Suffolk OEM is making sure all the emergency generators are fueled, he says. They’ve already notified the police department and the county’s Department of Public Works to get more four-wheel-drive vehicles up and running. They’ve been setting up meetings with the American Red Cross, mobilizing additional manpower, and taking inventory of all their resources to identify what they have on hand and what they need. Suffolk OEM has also been communicating with other emergency agencies, such as the New York State Office of Emergency Management (NYSOEM), about “pre-disaster resources.”
The ultimate response to Earl and other potential disasters is the fruit of a complex, multi-layered process requiring precision coordination between myriad local, state and federal agencies. (In fact, our interview was cut short in order for Williams to join the NYSOEM, FEMA, and more than a dozen others on an emergency conference call about the storm.)
“We operate as a region,” he explained several minutes before the call. “We have very close ties with Nassau County, New York City, Westchester County, even New Jersey. We realize that we’re all in this together and we work as a team.”
Williams, who’s held his present title for the past six years and has more than 40 years’ experience in emergency services—joining the Valley Stream Fire Department at 17, also serving as an officer in the New York City Fire Department, among other positions—says a slew of new programs started in Suffolk in the wake of Katrina will also be utilized.
A fleet of “shelter buses” will pick up and transport residents in need of refuge to activated locations within Suffolk’s 121-shelter network, he explains. The buses will travel along pre-existing bus routes to ease confusion and accessibility. Another program in place, called JEEP—short for Joint Emergency Evacuation Program—will aid senior citizens who may need additional help. These residents have already filled out contact forms with the county listing their ailments and specific conditions. They will be contacted, and if requested, a police officer will visit them to assess what type of additional assistance they require, and take them to a shelter.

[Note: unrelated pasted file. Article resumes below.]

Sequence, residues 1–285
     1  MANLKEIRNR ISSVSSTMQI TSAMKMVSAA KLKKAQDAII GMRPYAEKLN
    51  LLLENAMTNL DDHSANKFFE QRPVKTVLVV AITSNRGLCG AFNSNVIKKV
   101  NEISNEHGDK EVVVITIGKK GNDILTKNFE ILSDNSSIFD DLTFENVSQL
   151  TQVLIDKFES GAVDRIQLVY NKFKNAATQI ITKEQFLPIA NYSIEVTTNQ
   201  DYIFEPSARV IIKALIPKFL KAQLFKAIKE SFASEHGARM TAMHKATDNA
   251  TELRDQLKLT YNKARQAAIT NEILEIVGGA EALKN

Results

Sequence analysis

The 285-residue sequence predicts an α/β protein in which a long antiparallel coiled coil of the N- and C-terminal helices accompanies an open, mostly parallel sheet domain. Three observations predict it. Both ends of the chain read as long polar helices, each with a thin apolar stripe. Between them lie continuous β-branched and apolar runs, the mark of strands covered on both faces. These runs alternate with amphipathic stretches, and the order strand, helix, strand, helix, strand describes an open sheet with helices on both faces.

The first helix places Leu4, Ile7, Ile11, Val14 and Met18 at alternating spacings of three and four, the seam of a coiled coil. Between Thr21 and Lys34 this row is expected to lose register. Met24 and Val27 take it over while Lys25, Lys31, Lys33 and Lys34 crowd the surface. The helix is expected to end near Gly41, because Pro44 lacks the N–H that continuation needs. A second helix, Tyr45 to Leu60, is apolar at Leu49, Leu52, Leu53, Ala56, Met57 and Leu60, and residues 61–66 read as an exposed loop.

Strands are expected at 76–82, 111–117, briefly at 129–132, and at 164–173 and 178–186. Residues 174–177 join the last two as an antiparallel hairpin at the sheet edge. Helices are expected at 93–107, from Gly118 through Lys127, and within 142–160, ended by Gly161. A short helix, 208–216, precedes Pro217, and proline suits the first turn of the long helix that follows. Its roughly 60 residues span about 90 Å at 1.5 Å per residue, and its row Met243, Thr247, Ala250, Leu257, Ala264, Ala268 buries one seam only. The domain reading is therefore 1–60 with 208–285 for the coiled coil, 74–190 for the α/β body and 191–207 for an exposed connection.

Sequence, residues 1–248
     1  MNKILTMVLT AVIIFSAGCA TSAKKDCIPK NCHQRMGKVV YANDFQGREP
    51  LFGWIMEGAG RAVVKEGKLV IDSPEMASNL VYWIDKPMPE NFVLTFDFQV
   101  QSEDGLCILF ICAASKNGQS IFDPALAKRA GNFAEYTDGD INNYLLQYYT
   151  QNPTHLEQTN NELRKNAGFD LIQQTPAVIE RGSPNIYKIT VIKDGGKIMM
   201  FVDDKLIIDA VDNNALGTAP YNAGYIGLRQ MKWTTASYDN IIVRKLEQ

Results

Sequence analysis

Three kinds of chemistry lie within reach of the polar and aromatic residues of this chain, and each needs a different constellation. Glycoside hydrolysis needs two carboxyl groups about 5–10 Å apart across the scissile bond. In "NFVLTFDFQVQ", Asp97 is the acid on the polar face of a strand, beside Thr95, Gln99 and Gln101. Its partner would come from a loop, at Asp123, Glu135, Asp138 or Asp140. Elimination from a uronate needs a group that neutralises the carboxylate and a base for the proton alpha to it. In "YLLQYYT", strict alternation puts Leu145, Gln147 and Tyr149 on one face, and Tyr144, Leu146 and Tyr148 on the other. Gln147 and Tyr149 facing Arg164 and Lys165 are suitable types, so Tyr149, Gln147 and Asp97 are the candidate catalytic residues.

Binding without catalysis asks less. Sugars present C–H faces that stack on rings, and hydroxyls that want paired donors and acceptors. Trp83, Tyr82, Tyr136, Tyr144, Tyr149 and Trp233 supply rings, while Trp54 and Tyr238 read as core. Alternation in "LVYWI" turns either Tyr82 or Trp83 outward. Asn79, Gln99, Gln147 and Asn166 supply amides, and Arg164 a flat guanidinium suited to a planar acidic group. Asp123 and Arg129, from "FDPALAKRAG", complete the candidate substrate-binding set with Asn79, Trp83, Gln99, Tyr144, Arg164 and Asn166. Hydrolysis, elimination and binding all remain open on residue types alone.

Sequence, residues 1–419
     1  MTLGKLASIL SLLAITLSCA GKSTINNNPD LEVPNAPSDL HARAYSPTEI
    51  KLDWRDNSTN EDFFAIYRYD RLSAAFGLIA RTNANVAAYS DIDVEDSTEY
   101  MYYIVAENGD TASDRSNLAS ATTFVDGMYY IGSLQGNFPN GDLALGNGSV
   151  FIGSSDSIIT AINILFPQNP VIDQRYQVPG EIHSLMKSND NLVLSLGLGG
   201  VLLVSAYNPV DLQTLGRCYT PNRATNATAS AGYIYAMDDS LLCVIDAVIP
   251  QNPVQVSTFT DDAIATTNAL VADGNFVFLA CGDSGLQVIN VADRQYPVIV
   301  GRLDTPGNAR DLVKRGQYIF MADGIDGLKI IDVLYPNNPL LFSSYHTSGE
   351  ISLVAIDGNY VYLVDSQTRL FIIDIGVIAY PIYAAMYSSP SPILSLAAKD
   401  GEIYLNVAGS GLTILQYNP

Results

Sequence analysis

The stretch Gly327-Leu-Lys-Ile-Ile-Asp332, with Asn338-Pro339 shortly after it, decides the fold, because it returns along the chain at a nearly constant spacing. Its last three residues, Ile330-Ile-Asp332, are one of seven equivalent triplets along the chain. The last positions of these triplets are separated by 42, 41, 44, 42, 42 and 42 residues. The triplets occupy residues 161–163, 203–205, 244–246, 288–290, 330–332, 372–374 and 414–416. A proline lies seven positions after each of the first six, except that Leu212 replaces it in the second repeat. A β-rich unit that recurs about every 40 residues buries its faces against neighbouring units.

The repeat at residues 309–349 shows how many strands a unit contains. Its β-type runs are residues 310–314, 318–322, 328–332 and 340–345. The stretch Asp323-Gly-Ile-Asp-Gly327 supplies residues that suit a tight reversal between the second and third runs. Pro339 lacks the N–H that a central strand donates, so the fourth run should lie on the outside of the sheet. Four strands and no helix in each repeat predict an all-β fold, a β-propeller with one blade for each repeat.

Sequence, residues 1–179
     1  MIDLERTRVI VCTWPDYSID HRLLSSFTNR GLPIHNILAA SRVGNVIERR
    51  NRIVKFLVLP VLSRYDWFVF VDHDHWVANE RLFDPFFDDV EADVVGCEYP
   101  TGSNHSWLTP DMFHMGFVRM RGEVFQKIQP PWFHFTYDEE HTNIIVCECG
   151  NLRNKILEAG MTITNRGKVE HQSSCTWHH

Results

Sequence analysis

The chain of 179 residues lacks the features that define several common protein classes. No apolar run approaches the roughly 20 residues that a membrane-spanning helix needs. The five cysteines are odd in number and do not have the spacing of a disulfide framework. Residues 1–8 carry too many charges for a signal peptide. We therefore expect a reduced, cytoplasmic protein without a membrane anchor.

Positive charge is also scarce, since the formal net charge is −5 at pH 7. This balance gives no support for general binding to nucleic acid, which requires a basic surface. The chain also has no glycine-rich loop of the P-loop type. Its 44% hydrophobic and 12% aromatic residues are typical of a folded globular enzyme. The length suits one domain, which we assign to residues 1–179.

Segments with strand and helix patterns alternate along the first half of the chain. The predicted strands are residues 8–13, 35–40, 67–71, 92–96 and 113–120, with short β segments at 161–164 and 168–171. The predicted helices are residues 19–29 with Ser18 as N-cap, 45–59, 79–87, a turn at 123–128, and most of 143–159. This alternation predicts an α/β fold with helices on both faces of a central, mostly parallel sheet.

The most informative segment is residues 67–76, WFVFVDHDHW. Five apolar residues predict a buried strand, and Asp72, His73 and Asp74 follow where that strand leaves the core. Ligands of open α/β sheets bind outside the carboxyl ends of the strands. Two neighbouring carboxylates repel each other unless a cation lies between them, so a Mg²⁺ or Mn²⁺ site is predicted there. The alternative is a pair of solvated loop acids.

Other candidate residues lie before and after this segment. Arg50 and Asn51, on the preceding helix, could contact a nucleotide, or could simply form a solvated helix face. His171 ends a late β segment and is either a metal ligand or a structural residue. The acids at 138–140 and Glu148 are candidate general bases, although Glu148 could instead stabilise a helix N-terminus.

Suffolk County will also have several “Pet-Friendly Shelters” set up, where residents can stay, along with their pets. These will be established at the Suffolk County Sports Park in Central Islip, Suffolk County Fire Academy in Yaphank, and Suffolk County Community College’s Selden and Riverhead campuses, according to Suffolk County Society for the Prevention of Cruelty to Animals Chief Roy Gross.
“This all occurred after Katrina,” explains Gross. “There are people that stayed in harm’s way because they would not abandon their animals and the shelters were not allowed to take animals. So people wouldn’t leave them. I know I wouldn’t. It’s like leaving your kids behind. And most people are like that—that’s part of their family.”
“We’re going to treat [Earl] as a Category 1, Category 2 hurricane,” Williams continued. “If it does make the turn [further west], we can always back off on it. But as a precaution we have to do that. Our main concern here, for hurricanes, is Fire Island.”
As of press time, Williams had not given the order to begin evacuation efforts of the 32-mile barrier island, which was all but decimated in 1938. An armada of ferries would transport islanders—or at least, those who heed the call—off.
“We still have a certain amount of people who want to have their hurricane parties,” he said, half laughing. “We’ll tell them, ‘During the height of the storm, something happens, we can’t get back to help you. We’ll see you after the storm. So, if you’re going to stay, you’re there on your own.”
Yet as tough as it is to convince Labor Day party-goers on Fire Island to leave their expensive apocalypse shindigs, he explains, evacuating the rest of the affected communities is more of a fantasy.
“It’s virtually almost impossible to evacuate Long Island, especially Suffolk County,” he said.
That sentiment is reiterated by Dennis Malhowsky, director of public information for the division of New York State Office of Homeland Security and Emergency Services: “Everybody knows you cannot evacuate Long Island.”
It’s a foreboding reality wrapped inside an ominous situation—and it’s one also shared by emergency management personnel in Nassau.
End of the World
Inside Nassau’s fortress-like, subterranean Emergency Operations Center, rows and rows of numbered empty cubicles—enough for 36 people—stand ready along white cinder-block walls. An array of flat-topped desks faces a mammoth screen displaying weather information and updated reports that are disseminated to hundreds of people throughout the county. They’re flanked by other television screens tuned to various channels. The entire space is carpeted in blue with a drop ceiling for recessed lighting.
It’s no doubt far more comfortable than the cramped basement quarters of Winston Churchill’s war room, where he and his generals plotted the defense of England. Here, in what is arguably the most secure spot in the entire county, nobody’s going to bump their head on a low-hanging pipe if things are exploding outside. At the moment, the mood here is practiced calm.
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